Not in some general sense, but the answer depends on what you are doing. For example, if your site solicited the public to make donations to your venture or even to a charitable cause it will need to comply with the laws of each state where those residents are solicited. In some states, this will require a proper registration, while in others nothing needs to be done. I know this isn't your situation but your facts are unknown.
If you are speaking to the governing law that controls your web terms, it is usually going to be that which favors you most. Often, the terms will choose local law (Mass in your case) and a local choice of venue (again Mass in your case). Alternatively, arbitration is often used especially when the client base is national or international.
As a WY company all matters of corp or LLC law will be governed under the WY Act (this is different from the law that governs the contract or web terms). This is a very good, progressive and business friendly act, but the likelihood that you will ever realize a benefit by having filed in WY is slim to none.
I suggest that you consult with a lawyer in private and discuss your objectives in more detail. You can start by calling around to several for a free phone consultation, get some insights then pick the best fit to work with.
DISCLAIMER: this is not intended to be specific legal advice and should not be relied upon as such. No attorney-client relationship is formed with the law firm of Natoli-Lapin, LLC on the basis of this posting.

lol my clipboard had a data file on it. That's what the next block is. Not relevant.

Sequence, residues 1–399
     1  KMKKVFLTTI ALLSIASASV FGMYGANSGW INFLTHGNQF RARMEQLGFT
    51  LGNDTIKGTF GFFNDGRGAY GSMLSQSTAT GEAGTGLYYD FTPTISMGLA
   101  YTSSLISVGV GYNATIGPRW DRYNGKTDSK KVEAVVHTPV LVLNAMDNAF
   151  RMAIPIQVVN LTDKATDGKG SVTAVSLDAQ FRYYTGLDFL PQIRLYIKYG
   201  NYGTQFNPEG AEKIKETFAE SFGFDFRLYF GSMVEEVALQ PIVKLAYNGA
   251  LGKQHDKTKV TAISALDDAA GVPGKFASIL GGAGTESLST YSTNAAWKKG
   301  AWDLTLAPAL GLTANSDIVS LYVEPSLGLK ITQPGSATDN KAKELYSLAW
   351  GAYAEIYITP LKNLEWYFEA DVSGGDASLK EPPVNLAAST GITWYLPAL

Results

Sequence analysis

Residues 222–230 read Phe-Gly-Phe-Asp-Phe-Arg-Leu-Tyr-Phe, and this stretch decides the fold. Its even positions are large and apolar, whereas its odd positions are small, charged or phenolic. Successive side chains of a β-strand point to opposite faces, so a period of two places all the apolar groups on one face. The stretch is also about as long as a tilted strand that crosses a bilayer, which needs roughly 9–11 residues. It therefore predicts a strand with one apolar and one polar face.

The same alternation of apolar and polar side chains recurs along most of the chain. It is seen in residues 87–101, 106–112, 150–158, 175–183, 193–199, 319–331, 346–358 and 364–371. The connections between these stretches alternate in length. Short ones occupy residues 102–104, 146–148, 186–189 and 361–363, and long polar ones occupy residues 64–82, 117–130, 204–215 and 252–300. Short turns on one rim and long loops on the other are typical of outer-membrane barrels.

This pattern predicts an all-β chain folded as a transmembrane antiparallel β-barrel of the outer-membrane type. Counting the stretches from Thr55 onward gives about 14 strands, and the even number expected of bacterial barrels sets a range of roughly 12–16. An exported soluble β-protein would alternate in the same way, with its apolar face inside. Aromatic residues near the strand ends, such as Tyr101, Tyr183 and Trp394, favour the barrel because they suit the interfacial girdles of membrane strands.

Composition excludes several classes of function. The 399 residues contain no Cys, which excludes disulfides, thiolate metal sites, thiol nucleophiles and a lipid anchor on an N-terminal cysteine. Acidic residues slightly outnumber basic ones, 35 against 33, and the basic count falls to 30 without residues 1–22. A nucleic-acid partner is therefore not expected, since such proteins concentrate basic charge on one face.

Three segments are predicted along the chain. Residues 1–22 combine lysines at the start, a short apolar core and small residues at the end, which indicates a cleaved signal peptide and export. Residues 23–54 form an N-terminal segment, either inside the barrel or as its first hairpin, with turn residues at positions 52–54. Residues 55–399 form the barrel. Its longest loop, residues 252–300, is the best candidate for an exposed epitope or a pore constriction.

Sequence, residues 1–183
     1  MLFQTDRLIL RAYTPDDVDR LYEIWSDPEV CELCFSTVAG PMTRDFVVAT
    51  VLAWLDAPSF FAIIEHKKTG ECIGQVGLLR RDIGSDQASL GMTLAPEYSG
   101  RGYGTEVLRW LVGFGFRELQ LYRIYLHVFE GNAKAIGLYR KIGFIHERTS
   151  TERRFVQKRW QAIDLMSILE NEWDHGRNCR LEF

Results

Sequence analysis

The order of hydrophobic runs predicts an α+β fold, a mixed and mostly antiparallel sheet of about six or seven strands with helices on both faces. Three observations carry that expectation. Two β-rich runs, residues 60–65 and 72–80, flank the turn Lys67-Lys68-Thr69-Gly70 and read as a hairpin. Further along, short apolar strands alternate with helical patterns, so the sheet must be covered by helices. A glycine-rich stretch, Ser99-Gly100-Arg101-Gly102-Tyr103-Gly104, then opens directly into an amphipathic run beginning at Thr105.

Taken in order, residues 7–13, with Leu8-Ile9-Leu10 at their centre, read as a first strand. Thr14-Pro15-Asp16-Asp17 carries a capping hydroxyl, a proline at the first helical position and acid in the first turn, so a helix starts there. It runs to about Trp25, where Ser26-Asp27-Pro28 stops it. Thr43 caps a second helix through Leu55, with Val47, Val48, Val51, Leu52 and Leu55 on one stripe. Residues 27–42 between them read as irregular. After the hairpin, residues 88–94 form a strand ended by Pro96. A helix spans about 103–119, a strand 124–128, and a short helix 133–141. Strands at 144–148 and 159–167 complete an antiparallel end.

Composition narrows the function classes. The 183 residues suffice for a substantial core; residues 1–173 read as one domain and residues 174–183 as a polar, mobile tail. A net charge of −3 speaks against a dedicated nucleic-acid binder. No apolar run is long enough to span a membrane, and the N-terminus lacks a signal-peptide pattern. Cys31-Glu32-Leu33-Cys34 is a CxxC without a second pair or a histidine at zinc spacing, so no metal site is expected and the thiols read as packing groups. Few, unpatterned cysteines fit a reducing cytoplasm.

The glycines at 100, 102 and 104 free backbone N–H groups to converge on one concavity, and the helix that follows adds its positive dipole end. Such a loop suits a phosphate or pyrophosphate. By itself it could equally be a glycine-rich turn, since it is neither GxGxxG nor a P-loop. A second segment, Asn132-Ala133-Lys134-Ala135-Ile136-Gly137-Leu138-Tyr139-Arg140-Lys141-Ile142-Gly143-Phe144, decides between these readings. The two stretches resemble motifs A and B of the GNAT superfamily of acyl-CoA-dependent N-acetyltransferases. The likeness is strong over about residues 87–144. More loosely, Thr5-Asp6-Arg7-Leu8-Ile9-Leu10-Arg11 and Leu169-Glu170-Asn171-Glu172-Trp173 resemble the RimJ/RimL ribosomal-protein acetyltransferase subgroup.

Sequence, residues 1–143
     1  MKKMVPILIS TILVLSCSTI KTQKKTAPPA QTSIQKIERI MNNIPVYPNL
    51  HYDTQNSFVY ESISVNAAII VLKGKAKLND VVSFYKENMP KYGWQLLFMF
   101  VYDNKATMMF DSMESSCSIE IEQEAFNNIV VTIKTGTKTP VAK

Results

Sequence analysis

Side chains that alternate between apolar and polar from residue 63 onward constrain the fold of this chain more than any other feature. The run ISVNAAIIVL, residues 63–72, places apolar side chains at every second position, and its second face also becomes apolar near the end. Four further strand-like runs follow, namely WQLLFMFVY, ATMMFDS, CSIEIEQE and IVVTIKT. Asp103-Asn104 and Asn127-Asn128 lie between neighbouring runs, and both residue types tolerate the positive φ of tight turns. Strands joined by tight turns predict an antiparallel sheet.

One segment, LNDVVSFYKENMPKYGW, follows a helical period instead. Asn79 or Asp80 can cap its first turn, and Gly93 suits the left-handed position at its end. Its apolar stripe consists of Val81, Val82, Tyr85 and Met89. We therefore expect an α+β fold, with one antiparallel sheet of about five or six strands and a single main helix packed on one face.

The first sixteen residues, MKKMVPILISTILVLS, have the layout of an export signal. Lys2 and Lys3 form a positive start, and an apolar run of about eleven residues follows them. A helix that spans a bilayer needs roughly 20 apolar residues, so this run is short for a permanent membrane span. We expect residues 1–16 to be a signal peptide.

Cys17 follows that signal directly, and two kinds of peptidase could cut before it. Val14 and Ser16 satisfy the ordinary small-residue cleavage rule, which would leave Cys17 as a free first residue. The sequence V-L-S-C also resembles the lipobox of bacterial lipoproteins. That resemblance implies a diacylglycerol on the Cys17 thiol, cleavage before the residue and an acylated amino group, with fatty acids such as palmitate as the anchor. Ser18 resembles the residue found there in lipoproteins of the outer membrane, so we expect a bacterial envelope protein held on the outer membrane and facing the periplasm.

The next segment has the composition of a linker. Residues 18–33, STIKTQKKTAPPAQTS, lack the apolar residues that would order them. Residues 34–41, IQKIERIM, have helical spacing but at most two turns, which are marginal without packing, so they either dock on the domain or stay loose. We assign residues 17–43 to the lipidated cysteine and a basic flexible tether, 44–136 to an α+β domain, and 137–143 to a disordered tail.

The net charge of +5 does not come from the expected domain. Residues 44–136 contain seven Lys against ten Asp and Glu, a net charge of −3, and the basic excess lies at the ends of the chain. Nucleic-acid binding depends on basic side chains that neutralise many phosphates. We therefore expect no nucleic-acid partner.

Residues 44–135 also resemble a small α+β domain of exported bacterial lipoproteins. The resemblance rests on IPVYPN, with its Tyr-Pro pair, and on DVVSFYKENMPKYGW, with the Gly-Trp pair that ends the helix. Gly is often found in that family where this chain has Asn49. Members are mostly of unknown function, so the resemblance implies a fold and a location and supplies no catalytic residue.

I'm sure I've seen this posting from you several times.
If you reside and effectively do business in Massachusetts, have them conform to that law. Wyoming is not roaming the net looking for non-conforming terms and conditions.
The above is general legal and business analysis. It is not "legal advice" but analysis, and different lawyers may analyse this matter differently, especially if there are additional facts not reflected in the question. I am not your attorney until retained by a written retainer agreement signed by both of us. I am only licensed in California. See also avvo.com terms and conditions item 9, incorporated as if it was reprinted here.
Messrs. Natoli and Doland are correct and I agree with both of them. Massachussets is where you do business, and Wyoming is not. Comply with Massachussets law. That said, if you also do business in other states, then you may need to comply with the laws in those states too, depending upon what you are doing.
The content of the this submission is intended to provide general information on the topic presented, and is offered with the understanding that the author is not rendering any legal or professional services or advice. This submission is not a substitute for legal advice. Should you require such services, retain competent legal counsel.